So far, Brown has been able to get away without quads on the strength of his grades of executions, program components, spins and steps.  As his coach Kori Ade urged him before Skate America, he is able to go out onto the ice and gobble up points.  However, he starts off at a disadvantage: In the free skate he is nearly 20 points below Chen’s start value on the jumps.  And while the jumps aren’t everything, Chen has the ability to execute with the same quality as Brown.  At the Grand Prix Final Chen earned a GOE of +12 for his free skate.  Brown earned 11.5 points at Skate America.  Chen actually has the ability to outperform Brown on the GOE side and further expand his lead.  With GOE, Chen’s first element, the quad lutz + triple toe, earned him 19.90 points at the Grand Prix Final.  Chen still doesn’t have the program components that Brown does, but they have been steadily improving throughout the season.  He might only lose on program components by 5 or 6 points and it’s not outside of the realm of possibility for Chen to win the free skate by 15 points or more.

Even though he has a quad planned in his short and two in the free, he still could finish behind Brown.  If Brown goes for the quad and receives credit for it, he actually has a base jump value higher than Aaron’s and he’s more likely to achieve positive GOEs.  Brown also has about a 5-6 point cushion on program components over Aaron in the short program.  Again, in the free skate, if Brown goes for the quad and receives credit, his base jump value is better than Aaron’s.

However, not executing the quad is not deadly for Brown. He plans a quad toe in his programs.  If he falls (like he did at Skate America), the jump is worth 10.30 but he receives -3 on GOE making it worth 6.30 points.  After the one point deduction it comes out to 5.30 points.  In the short program, he would likely change this jump to a triple flip which is worth a base value of 5.30 points.  He twice received under-rotation calls on the quad toe, once with a fall, earning him 3.00 points and 6.97 points.  Once he received a downgrade call and a fall, earning a measly 1.20 points.  Even with these failed quads, Brown outscored Aaron, comparing best events to best events.  If he replaced the quad with a triple that could earn him a positive GOE, it could be a net positive for him.  But while it might be enough to get him onto the podium and onto the World team, it will not be enough to compete for a medal at Worlds.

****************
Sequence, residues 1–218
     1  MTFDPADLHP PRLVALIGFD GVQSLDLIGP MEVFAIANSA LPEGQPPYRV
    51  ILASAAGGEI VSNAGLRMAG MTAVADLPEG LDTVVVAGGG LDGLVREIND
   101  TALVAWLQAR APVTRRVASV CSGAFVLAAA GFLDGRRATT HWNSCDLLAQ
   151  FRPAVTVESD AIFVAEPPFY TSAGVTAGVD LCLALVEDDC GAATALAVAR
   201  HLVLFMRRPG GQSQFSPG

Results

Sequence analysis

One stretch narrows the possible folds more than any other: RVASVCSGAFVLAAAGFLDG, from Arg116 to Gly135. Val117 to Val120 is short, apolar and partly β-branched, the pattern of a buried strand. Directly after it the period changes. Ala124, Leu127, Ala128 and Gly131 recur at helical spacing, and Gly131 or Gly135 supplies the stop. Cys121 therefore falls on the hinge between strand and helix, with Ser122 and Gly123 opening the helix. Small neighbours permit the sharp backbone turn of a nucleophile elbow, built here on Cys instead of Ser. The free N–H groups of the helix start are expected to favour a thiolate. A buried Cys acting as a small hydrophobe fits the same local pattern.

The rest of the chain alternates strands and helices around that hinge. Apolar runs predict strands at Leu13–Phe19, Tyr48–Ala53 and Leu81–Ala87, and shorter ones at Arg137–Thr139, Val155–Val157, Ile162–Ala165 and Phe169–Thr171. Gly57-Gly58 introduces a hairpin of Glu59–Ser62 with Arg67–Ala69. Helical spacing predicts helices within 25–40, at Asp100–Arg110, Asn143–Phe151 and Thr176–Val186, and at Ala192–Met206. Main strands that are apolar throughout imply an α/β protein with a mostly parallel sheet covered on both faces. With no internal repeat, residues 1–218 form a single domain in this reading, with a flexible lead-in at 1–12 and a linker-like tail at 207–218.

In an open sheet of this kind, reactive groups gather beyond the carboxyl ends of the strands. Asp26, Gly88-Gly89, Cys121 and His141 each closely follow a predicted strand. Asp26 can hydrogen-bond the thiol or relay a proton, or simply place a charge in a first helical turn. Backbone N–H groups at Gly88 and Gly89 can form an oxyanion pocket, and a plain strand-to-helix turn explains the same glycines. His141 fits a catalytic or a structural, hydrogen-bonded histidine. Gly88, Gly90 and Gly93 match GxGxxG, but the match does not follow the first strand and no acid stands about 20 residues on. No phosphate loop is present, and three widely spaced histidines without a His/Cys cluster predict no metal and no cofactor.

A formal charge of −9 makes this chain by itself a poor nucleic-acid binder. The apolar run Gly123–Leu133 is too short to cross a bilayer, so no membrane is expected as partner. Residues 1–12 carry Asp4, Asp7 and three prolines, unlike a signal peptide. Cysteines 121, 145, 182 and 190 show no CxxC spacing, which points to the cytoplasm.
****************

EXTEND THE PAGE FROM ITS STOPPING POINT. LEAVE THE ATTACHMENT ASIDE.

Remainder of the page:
My podium predictions:

Gold: Nathan Chen

Silver: Jason Brown

Bronze: Max Aaron

Pewter: Vincent Zhou

 

Bios of the competitors:

Max Aaron: He is 24 years old and represents the Broadmoor Skating Club.  He placed 8th at Worlds and 7th at Four Continents last season.  He placed 5th at Rostelecom Cup and 4th at Cup of China.  He won bronze at the Lombardia Trophy and bronze at the Autumn Classic International.  He is the reigning Silver Medalist, 2015 Pewter Medalist, 2014 Bronze Medalist, 2013 Champion, finished 8th in seniors in 2012, is the 2011 Junior Champion, 2010 Junior Bronze Medalist, finished 13th in juniors in 2008, 5th in novice in 2007, is the 2006 Intermediate Bronze Medalist and the 2005 Juvenile Champion.

Jason Brown: He is 22 and represents the Skokie Valley Skating Club.  He won silver at Skate America and placed 7th at NHK Trophy.  He won silver at Lombardia Trophy and gold at the US International Figure Skating Classic.  He is the 2013 Junior Worlds Silver Medalist and the 2012 Junior Worlds Bronze Medalist.  He is the 2015 Champion, 2014 Silver Medalist, finished 8th in 2013, 9th in 2012, 7th in 2011, is the 2010 Junior Champion, 2009 Novice Bronze Medalist, 2008 Intermediate Silver Medalist and 2007 Juvenile Champion.

Nathan Chen: He is 17 years old and represents the Salt Lake Figure Skating Club.  He placed 4th at Trophee de France and won silver at NHK Trophy to qualify for the Grand Prix Final where he won silver.  He won gold at Finlandia Trophy.  He is the 2014 World Junior Bronze Medalist.  He is the reigning Silver Medalist, finished 8th in 2015, is the 2014 Junior Champion, 2013 Junior Bronze Medalist, 2012 Junior Champion, 2011 Novice Champion, 201o Novice Champion, 2009 Intermediate Silver Medalist, 2008 Juvenile Bronze Medalist and placed 10th as a juvenile in 2007.  Internationally as a junior he has the 2nd best short program, best free skate and best total scores.

Timothy Dolensky: He is 24 and represents the Atlanta Figure Skating Club.  He finished 8th at Skate America.  He placed 7th at the Nebelhorn Trophy and 6th at Golden Spin.  He finished 7th last season, 14th in 2015, 13th in 2014, is the 2012 Junior Silver Medalist, 2010 Novice Bronze Medalist, finished 15th in intermediate in 2007, 15th in intermediate in 2006 and 9th in juvenile in 2005.

Scott Dyer: He is 25 and represents the All Year Figure Skating Club.  He placed 11th last season, 18th in 2014, 10th in 2012, 13th in 2011, is the 2010 Junior Pewter Medalist, the 2007 Novice Pewter Medalist and the 2006 Novice Pewter Medalist.  He won bronze at Pacific Coast Sectionals to qualify for nationals.  He has the 4th best short program, 6th best free skate and 4th best total score from qualifying.

Tomoki Hiwatshi: He is 16 years old and competes for the DuPage Figure Skating Club.  He is the reigning World Junior Bronze Medalist.  He placed 6th at JGP France.  He finished 9th at Warsaw Cup.  He is the reigning Junior Champion, finished 5th in juniors in 2015, is the 2013 Novice Champion, 2012 Intermediate Champion, the 2011 Juvenile Champion and finished 6th in Juvenile Boys in 2010.